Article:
$200 cushion is all we have: Govt

GOVERNMENT yesterday said it will not be able to increase its cushion payouts of $200 per family because it has no resources in its coffers to provide more cover for workers, traders and distressed families facing an uncertain future owing to disruptions caused by COVID-19.

BY BLESSED MHLANGA

Public Service, Labour and Social Welfare minister Paul Mavima yesterday said the $200 represented the resource base that government had in the face of competing interests and could not be increased at the moment.

“The $200 represents the resource envelope that is available given the fiscal space that we are operating in,” Mavima said.

“We will continue to engage Treasury not only about the $200, but also about the $180 that is being given under the traditional food mitigation programme, or the cash transfer for cereals programme.

“Obviously, there are competing needs and values for whatever budget the nation has, so we can only advocate and negotiate with Treasury. If it becomes possible given the resources that they are collecting, then we may have to revise upwards this allowance that we are giving.”

He said the payout was not supposed to be the only money that vulnerable families and workers in distress were supposed to have at their disposal, saying it was just only a top-up to what was already there.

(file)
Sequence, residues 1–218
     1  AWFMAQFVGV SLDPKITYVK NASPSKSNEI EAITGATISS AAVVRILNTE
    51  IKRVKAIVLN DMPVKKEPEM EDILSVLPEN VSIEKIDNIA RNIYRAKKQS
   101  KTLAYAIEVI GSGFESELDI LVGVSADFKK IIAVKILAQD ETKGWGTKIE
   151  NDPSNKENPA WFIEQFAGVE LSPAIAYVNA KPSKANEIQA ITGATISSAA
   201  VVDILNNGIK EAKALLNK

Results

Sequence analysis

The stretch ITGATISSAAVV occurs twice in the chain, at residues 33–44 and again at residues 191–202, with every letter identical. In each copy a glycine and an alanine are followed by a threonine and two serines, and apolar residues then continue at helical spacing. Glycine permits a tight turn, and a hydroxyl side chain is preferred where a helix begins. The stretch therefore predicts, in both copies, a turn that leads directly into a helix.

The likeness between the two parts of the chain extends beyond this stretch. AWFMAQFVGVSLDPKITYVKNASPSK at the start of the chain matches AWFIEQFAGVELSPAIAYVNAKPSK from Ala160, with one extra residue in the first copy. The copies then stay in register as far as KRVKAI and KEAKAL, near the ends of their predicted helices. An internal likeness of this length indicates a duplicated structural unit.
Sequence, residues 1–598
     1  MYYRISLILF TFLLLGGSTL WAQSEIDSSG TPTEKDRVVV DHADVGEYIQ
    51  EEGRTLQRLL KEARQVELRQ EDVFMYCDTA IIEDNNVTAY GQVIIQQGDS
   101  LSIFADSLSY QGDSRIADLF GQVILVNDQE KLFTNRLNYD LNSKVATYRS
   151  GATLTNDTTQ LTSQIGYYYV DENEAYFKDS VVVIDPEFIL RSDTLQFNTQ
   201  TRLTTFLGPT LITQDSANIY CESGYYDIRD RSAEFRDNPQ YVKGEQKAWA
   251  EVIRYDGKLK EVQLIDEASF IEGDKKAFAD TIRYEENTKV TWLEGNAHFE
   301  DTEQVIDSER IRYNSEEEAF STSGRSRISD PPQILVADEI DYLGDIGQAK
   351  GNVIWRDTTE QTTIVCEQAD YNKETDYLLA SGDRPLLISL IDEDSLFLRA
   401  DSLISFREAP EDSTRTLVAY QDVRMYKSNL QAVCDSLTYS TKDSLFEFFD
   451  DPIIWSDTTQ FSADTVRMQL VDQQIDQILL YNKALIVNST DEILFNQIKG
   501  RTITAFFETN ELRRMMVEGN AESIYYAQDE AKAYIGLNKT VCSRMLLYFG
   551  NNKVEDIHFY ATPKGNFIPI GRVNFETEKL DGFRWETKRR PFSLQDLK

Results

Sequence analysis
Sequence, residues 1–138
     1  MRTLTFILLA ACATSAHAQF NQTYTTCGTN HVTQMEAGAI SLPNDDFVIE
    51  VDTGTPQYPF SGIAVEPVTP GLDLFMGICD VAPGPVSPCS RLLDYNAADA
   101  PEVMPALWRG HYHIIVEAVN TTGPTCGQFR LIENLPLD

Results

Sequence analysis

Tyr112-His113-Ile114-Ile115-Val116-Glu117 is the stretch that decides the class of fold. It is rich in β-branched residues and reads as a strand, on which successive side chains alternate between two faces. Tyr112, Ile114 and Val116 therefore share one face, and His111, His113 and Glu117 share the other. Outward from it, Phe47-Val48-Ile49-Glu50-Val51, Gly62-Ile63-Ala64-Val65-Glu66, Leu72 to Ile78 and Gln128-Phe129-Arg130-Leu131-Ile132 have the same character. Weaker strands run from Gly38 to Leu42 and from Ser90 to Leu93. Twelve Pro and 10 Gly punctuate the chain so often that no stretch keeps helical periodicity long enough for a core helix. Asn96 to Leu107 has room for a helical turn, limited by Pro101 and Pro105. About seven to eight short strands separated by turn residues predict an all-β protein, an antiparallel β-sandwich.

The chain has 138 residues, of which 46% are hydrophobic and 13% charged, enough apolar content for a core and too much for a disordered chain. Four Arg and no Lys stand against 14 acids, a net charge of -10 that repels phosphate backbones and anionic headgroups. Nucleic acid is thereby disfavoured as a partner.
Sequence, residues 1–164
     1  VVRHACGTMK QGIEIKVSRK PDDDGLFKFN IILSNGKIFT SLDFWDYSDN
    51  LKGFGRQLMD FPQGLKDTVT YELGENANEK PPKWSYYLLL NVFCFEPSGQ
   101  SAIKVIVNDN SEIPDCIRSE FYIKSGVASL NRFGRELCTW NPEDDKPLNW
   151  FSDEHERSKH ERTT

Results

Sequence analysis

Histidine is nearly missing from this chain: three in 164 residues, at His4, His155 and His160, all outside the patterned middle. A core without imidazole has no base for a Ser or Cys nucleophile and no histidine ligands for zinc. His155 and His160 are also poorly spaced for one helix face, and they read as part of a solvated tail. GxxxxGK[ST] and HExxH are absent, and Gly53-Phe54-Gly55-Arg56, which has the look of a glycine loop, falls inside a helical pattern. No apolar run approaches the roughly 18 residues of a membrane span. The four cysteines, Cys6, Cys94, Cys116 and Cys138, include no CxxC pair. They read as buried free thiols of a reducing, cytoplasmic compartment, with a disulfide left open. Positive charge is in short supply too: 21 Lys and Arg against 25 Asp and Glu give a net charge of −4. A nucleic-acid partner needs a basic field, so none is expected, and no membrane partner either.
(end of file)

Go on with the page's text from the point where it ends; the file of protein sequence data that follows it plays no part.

“We have also said that it was not supposed to completely replace whatever families were providing for themselves, but it was just supposed to supplement to provide some relief,” Mavima said.

South Africa on Tuesday unveiled a R500 billion economic support package to support vulnerable companies, people and to protect jobs as part of its response to COVID-19, which has seen the country being placed under lockdown for five weeks.
Its cases have passed 3 000, with 58 deaths.

Zimbabwe’s offer, equivalent to US$8 at the official rate and US$4 on the black market rate, to cushion vulnerable communities was only enough to buy a 10kg bag of mealie meal.

Zimbabwe Congress of Trade Unions (ZCTU) president Peter Mutasa said workers were facing retrenchments, layoffs and salary cuts at a time the bread basket has risen to $7 000 for a family of four, meaning the government offer was a drop in the ocean.

“In other countries, governments are providing relief for workers who have been laid off, sent on unpaid leave or forced to take pay cuts. Here, we have to make do with a $200 payout decided in unclear methods,” Mutasa said.

“There are no stimulus packages to save jobs or put money in the pockets of the suffering workers. This is a painful period in the life of workers who are alone in this.”

Through the Tripartite Negotiating Forum, labour and business have asked government to come up with interventions that would save many from hunger and job losses.

Mavima confirmed receiving requests which include bailouts, unemployment benefit claims and stimulus packages, saying he had since presented them to President Emmerson Mnangagwa, who will soon meet with business and labour to chart a way forward.

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